“We are not taking these additional actions simply to respond to mass shootings,” said Representative Jerry Nadler, Democrat of New York and the committee chairman, adding, “We are acting because of the urgent need to respond to the daily toll of gun violence in our communities, whether they are mass shootings or not, whether or not they make headlines.”
But Representative Doug Collins of Georgia, the senior Republican on the committee, said each of the bills would infringe on Americans’ Second Amendment rights, and he raised “serious due process problems” with the red flag law.
The central figure in the debate, though, remains Mr. Trump. The president’s statements on gun safety have been “all over the lot,” Mr. Schumer said on Monday.
The president initially expressed support in early August for “very meaningful background checks” after deadly mass shootings in El Paso and Dayton, Ohio, but stopped short of endorsing the bill passed by the House. Then, as has been his pattern, Mr. Trump’s resolve appeared to weaken after talks with gun rights advocates.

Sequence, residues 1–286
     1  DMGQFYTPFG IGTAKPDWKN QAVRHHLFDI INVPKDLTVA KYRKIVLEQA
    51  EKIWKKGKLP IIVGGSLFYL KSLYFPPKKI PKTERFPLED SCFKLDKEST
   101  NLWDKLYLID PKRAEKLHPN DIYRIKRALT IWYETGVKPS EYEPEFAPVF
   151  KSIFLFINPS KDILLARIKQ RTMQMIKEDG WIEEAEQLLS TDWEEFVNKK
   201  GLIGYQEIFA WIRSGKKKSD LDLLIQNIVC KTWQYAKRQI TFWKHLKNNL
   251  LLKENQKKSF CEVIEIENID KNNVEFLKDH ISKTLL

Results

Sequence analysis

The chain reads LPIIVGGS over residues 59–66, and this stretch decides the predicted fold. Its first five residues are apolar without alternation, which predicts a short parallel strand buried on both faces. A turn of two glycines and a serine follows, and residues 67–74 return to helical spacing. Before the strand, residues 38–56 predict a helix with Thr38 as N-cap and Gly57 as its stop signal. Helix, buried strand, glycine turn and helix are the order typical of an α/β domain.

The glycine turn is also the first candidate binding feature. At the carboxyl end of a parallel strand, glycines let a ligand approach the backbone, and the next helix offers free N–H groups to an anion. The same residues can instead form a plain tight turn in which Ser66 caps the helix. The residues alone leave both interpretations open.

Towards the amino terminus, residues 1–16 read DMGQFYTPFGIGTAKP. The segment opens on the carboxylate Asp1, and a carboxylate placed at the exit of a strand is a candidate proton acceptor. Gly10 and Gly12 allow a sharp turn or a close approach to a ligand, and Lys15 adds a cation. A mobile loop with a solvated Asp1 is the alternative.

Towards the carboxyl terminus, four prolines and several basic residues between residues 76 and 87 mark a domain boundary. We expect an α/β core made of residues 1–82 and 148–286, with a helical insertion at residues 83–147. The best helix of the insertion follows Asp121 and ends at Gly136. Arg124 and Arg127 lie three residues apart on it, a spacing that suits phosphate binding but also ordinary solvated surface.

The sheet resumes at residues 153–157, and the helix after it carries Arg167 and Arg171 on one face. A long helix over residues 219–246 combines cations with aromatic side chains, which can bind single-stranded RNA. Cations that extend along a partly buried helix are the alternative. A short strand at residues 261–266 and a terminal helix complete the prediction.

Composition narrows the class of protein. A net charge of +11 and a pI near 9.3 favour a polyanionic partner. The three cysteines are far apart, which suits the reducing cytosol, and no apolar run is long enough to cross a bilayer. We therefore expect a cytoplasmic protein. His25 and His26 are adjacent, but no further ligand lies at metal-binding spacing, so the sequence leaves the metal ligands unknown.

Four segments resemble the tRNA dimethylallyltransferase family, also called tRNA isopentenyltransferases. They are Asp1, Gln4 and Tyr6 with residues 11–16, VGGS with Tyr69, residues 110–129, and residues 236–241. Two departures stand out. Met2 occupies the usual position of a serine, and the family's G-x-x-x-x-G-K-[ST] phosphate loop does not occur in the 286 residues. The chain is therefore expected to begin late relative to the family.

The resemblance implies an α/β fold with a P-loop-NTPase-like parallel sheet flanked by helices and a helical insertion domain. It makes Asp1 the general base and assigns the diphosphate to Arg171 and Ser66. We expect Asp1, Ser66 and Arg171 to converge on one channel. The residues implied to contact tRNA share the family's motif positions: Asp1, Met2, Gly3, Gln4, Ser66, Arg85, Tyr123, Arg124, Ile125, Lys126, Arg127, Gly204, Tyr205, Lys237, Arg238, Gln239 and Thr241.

Senate Democrats involved in the White House talks said it remained unclear what Mr. Trump might accept.
“It’s encouraging — they’re still talking,” said one of those Democrats, Senator Joe Manchin III of West Virginia, who was a chief sponsor of a background check bill that fell to a Senate filibuster in 2013.
But Senator Christopher S. Murphy, Democrat of Connecticut, who is also involved in the talks, said he was concerned the effort could collapse if Republicans demanded a package of measures, as opposed to a stand-alone vote on a background check bill.
“I’ve expressed my worry to the White House the package could get so big that it could all fall apart,” he said.
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